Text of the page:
Country roads

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My wife and I spent Sunday and Monday in Lost River, West Virginia, staying in a prefab cabin in the hills. I liked this interesting dwelling so much that I hesitate to post this link to the people who rent it out. The area is beautiful, all the more so with a dusting of snow. I particularly recommend Smoke Hole Canyon. It was a good place to exercise my new camera (a Canon 5D mk2, since you ask; more on that vital matter another time).

I bring this up because, I confess, the trip made me examine my current enthusisam for infrastructure spending. The United States has plenty of badly congested highways and urban roads so deeply pitted that a half-track, rather than a mere Hummer, is called for. Fixing those problems seems a good idea. But the "Robert C. Byrd Appalachian Highway System"--the signs keep announcing that--is a different proposition altogether. I don't think I have seen roads so empty since I first drove along the M62 to Hull (in its day, one of Britain's more notable roads to nowhere). Like then, I was afraid I had found my way on to a road that had not been opened to the public. I imagined road-surfacing vehicles coming towards me line abreast round the next corner (not that the M62 to Hull has any corners, now I think of it).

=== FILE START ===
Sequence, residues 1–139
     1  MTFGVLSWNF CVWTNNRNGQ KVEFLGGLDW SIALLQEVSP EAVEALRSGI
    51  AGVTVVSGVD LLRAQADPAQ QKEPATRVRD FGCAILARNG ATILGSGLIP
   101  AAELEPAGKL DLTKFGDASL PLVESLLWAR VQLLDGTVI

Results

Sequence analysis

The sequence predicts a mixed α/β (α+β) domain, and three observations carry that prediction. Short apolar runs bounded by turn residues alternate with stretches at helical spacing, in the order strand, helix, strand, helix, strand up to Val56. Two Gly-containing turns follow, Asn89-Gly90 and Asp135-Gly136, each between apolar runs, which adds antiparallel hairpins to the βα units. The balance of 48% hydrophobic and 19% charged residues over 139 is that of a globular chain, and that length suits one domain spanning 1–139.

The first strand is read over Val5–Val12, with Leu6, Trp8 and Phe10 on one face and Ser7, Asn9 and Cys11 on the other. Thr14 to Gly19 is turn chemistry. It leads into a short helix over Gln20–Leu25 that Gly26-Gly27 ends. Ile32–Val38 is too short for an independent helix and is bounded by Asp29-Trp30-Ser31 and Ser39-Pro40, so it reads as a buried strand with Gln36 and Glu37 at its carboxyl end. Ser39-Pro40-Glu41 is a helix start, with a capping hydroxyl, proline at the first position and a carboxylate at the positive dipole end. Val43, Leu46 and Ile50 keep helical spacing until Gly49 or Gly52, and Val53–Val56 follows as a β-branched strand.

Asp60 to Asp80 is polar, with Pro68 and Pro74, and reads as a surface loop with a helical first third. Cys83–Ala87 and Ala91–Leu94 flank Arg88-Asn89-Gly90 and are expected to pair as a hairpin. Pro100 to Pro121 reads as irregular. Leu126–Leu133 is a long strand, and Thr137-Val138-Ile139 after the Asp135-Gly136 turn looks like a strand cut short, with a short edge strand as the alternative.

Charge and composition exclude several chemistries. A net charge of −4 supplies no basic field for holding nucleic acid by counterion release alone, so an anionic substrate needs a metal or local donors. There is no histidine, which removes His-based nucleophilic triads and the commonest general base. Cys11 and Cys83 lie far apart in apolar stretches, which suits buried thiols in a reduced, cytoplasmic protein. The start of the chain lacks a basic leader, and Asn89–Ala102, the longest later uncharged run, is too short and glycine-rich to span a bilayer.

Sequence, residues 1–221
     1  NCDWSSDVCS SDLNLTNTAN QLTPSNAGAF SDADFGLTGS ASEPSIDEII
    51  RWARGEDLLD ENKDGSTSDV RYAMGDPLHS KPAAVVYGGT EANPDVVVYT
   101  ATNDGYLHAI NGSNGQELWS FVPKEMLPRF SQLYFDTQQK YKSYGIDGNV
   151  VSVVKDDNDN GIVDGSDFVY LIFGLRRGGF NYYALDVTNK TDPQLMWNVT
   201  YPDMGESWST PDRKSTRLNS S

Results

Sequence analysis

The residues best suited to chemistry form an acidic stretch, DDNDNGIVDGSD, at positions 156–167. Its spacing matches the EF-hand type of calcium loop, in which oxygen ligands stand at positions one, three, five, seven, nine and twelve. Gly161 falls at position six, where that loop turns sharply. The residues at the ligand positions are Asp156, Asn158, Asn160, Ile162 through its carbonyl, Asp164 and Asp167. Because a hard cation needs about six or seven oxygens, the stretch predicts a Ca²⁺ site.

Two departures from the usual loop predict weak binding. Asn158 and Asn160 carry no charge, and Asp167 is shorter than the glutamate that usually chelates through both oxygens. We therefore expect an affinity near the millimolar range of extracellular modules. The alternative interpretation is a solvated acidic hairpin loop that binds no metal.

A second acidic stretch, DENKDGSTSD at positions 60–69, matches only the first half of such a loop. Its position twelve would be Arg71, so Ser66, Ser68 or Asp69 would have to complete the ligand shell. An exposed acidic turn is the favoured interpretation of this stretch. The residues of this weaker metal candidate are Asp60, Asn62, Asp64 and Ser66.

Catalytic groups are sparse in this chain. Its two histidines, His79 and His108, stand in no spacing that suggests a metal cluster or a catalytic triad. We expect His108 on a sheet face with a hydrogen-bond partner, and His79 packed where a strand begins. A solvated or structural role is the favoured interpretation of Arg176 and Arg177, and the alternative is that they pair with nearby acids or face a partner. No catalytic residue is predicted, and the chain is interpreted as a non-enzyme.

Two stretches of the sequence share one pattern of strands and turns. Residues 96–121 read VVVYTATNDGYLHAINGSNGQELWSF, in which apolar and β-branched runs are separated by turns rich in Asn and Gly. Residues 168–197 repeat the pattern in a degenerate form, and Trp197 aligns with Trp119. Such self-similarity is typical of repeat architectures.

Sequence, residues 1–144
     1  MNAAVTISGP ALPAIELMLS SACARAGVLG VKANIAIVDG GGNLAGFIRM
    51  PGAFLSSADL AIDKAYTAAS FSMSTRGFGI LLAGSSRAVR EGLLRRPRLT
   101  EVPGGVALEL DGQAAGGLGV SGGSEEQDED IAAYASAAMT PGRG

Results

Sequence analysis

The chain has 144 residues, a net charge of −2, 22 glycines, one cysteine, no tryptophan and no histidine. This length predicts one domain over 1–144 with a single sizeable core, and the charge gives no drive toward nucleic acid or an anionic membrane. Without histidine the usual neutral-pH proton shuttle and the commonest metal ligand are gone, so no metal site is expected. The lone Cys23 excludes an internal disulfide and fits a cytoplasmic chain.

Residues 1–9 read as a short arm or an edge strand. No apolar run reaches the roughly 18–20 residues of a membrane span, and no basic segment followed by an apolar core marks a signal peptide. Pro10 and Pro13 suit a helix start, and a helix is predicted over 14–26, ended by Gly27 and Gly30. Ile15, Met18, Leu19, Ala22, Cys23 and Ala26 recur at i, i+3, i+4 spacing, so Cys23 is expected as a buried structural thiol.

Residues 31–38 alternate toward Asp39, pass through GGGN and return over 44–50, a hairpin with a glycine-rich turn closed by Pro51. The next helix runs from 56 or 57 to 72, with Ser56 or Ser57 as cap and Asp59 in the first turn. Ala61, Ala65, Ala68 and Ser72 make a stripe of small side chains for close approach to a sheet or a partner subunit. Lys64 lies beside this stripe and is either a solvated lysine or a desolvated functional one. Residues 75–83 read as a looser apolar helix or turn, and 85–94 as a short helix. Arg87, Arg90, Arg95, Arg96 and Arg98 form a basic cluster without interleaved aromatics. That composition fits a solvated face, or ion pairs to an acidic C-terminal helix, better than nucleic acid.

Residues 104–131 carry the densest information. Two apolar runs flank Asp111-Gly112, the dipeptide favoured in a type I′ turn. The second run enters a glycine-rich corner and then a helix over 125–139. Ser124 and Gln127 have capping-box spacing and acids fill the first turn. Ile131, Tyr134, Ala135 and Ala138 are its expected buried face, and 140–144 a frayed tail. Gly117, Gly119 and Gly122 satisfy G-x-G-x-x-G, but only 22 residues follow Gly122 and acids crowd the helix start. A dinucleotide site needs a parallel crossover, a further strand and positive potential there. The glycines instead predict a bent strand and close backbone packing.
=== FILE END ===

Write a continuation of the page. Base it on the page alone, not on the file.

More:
Mr Byrd's highways are wider than the towns they connect.  I hope the fiscal stimulus includes no further shovel-ready improvements. I could see the case for hiring people to drive around on them, though, to help visitors feel more comfortable. Plug-in hybrids, obviously.

Update:

Did I say "dusting" of snow? That is not how it looked on Tuesday morning. Remind me in future not to tempt the weather gods.



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Clive Crook is a senior editor of The Atlantic and a columnist for Bloomberg View. He was the Washington columnist for the Financial Times, and before that worked at The Economist for more than 20 years, including 11 years as deputy editor. Crook writes about the intersection of politics and economics. More

Crook writes about the intersection of politics and economics.

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